“Aye, I couldna get it during the War, ye know. It’s the best for the readings, though. Had a terrible time with that Earl Grey. The leaves fall apart so fast, it’s hard to tell anything at all.”

  “Oh, you read tea leaves?” I asked, mildly amused. Nothing could be farther from the popular conception of the gypsy fortune-teller than Mrs. Graham, with her short, iron-grey perm and triple-stranded pearl choker. A swallow of tea ran visibly down the long, stringy neck and disappeared beneath the gleaming beads.

  “Why, certainly I do, my dear. Just as my grandmother taught me, and her grandmother before her. Drink up your cup, and I’ll see what you have there.”

  She was silent for a long time, once in a while tilting the cup to catch the light, or rolling it slowly between lean palms to get a different angle.

  She set the cup down carefully, as though afraid it might blow up in her face. The grooves on either side of her mouth had deepened, and her brows pressed together in what looked like puzzlement.

  “Well,” she said finally. “That’s one of the stranger ones I’ve seen.”

  “Oh?” I was still amused, but beginning to be curious. “Am I going to meet a tall dark stranger, or journey across the sea?”

  “Could be.” Mrs. Graham had caught my ironic tone, and echoed it, smiling slightly. “And could not. That’s what’s odd about your cup, my dear. Everything in it’s contradictory. There’s the curved leaf for a journey, but it’s crossed by the broken one that means staying put. And strangers there are, to be sure, several of them. And one of them’s your husband, if I read the leaves aright.”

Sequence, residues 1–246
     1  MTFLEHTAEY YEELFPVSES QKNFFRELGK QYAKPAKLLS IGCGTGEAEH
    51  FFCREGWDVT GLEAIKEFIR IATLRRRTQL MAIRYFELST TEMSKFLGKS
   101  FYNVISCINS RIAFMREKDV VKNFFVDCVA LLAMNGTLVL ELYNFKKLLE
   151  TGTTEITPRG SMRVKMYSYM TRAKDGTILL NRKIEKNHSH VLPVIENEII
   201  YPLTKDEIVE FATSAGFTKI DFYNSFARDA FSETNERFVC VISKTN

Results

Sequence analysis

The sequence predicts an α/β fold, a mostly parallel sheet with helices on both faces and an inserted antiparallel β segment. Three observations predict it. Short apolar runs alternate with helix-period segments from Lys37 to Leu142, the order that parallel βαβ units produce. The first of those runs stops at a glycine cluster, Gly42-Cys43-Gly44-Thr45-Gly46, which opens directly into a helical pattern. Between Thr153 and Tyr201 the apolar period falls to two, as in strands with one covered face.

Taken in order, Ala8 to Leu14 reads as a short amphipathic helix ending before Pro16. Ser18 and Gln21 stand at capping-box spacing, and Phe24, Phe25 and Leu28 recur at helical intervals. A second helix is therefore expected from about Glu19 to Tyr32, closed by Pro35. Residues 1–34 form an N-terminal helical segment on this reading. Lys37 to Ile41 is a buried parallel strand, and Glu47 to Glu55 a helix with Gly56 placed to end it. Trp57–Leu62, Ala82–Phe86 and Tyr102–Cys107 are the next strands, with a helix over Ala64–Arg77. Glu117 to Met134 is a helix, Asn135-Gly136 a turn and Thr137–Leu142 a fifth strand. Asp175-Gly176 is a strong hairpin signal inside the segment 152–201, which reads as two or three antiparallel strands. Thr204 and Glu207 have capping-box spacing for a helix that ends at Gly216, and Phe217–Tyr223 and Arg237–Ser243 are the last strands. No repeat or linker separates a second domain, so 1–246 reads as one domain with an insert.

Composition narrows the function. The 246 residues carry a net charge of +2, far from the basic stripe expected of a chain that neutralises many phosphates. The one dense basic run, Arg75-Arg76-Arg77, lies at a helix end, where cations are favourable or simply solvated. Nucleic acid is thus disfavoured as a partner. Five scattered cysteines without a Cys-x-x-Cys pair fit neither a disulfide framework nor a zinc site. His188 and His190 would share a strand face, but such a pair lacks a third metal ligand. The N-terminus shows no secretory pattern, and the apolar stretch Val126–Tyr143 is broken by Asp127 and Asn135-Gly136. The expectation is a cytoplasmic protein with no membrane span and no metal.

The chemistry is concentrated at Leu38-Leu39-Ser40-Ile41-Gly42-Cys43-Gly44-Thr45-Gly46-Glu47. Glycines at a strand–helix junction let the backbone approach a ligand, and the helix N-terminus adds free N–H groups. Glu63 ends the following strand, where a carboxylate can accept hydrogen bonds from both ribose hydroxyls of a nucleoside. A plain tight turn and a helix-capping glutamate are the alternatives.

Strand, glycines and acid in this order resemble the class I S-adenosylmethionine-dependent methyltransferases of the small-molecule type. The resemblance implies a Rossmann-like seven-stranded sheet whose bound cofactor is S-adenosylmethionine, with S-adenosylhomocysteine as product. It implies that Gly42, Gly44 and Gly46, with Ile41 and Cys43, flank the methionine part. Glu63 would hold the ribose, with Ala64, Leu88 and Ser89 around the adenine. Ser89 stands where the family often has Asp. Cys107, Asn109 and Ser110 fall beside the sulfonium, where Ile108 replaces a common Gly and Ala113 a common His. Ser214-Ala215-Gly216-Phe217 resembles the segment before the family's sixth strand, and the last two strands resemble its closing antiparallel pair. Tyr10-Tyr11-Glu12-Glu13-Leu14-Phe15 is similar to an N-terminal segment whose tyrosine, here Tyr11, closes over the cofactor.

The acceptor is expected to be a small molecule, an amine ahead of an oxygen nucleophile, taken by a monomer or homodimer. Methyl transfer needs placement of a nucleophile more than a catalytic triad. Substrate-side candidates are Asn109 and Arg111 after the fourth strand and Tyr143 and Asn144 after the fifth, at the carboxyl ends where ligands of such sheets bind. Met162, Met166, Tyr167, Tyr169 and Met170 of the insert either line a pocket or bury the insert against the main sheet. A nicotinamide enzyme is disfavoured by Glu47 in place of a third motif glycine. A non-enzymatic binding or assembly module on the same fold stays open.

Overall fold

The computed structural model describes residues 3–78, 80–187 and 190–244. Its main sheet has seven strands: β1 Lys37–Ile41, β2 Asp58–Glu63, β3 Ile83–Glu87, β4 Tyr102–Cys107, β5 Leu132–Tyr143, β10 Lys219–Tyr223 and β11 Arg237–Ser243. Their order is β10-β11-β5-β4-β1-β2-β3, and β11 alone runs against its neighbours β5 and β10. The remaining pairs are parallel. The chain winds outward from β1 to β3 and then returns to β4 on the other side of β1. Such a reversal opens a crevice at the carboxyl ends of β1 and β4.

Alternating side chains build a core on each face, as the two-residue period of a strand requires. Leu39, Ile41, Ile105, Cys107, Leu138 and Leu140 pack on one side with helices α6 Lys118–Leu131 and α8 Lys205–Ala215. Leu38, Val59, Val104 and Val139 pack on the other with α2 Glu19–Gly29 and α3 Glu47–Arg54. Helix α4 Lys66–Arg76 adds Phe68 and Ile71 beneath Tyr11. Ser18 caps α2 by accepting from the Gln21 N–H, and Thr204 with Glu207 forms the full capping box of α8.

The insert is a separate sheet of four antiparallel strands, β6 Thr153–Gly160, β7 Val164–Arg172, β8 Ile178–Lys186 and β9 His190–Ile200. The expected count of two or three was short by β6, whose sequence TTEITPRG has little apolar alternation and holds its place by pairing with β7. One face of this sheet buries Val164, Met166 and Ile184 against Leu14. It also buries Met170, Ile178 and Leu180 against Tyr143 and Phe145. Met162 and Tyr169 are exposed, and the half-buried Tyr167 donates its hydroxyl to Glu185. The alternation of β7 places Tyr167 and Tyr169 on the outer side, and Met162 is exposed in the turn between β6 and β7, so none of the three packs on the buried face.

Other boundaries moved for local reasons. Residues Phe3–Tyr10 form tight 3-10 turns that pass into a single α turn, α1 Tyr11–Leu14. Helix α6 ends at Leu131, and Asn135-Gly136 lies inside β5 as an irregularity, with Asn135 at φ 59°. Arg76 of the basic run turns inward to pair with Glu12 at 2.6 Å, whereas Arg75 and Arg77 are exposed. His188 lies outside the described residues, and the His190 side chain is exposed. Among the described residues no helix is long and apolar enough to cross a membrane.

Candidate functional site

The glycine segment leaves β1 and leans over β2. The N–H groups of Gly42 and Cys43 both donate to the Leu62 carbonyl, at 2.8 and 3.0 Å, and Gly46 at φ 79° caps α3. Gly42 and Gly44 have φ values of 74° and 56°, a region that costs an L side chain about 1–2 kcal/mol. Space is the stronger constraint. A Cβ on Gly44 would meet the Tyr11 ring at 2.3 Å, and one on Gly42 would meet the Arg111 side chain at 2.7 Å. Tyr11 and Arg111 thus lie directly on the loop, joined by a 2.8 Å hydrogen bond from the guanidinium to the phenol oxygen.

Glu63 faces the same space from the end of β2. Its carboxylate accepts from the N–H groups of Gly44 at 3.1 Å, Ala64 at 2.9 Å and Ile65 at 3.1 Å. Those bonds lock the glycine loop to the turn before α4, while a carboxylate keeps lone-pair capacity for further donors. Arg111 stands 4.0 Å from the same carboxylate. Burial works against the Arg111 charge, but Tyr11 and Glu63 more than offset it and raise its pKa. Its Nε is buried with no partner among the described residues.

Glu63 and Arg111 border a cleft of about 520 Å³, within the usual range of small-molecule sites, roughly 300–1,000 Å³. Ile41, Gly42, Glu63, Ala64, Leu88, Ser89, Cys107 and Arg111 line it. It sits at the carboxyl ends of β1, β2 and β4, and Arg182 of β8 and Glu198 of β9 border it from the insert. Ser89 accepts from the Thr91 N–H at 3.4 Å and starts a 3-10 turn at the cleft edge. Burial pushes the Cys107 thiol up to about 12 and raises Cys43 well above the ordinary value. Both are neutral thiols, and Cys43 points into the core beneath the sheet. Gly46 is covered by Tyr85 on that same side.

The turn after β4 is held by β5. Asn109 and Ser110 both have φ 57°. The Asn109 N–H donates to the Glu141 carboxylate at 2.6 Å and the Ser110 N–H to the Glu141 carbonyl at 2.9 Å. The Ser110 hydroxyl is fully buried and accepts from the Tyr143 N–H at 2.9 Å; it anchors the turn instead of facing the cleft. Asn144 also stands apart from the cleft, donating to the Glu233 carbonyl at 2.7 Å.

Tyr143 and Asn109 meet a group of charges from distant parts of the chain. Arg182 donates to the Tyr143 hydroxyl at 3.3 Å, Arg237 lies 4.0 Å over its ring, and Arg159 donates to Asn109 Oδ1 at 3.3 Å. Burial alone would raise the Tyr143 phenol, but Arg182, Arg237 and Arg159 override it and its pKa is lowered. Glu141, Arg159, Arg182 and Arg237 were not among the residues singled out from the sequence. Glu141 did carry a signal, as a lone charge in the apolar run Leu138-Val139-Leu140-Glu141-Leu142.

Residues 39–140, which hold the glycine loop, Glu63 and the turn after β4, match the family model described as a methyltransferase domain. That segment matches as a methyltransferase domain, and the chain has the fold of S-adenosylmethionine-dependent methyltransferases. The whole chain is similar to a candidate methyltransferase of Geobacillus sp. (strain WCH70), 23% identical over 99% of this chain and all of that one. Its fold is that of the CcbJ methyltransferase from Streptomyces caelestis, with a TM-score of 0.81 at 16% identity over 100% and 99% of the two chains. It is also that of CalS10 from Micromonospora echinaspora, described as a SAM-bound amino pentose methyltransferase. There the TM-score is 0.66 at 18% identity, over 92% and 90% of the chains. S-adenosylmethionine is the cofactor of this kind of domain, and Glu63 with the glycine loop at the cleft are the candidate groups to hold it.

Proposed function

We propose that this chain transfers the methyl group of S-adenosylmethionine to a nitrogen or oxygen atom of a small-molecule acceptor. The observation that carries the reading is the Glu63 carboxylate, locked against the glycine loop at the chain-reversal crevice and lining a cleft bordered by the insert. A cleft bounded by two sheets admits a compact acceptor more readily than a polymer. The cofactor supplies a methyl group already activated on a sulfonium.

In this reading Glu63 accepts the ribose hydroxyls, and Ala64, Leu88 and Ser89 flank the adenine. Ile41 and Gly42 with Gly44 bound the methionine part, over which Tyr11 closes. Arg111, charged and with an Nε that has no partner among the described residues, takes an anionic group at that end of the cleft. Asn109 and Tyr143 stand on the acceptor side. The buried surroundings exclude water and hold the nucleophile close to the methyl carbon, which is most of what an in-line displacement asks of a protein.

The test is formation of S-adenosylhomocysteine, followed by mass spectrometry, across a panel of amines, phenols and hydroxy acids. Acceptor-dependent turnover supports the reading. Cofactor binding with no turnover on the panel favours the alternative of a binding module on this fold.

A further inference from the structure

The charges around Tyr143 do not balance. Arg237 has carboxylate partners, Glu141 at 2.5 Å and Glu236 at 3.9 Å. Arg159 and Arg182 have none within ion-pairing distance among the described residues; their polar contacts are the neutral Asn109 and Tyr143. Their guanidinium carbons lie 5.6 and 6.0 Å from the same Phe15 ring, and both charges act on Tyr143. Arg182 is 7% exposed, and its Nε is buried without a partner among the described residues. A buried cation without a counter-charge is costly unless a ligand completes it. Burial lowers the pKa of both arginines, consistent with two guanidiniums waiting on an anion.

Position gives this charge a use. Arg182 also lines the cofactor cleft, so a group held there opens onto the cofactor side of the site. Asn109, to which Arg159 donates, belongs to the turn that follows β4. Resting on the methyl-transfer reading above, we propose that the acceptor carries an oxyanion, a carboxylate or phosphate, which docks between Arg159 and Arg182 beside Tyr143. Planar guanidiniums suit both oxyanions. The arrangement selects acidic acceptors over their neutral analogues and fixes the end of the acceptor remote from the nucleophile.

My amusement dissipated somewhat. After six years apart, and six months together, my husband was still something of a stranger. Though I failed to see how a tea leaf could know it.

  Mrs. Graham’s brow was still furrowed. “Let me see your hand, child,” she said.

  The hand holding mine was bony, but surprisingly warm. A scent of lavender water emanated from the neat part of the grizzled head bent over my palm. She stared into my hand for quite a long time, now and then tracing one of the lines with a finger, as though following a map whose roads all petered out in sandy washes and deserted wastes.

  “Well, what is it?” I asked, trying to maintain a light air. “Or is my fate too horrible to be revealed?”

  Mrs. Graham raised quizzical eyes and looked thoughtfully at my face, but retained her hold on my hand. She shook her head, pursing her lips.

  “Oh, no, my dear. It’s not your fate is in your hand. Only the seed of it.” The birdlike head cocked to one side, considering. “The lines in your hand change, ye know. At another point in your life, they may be quite different than they are now.”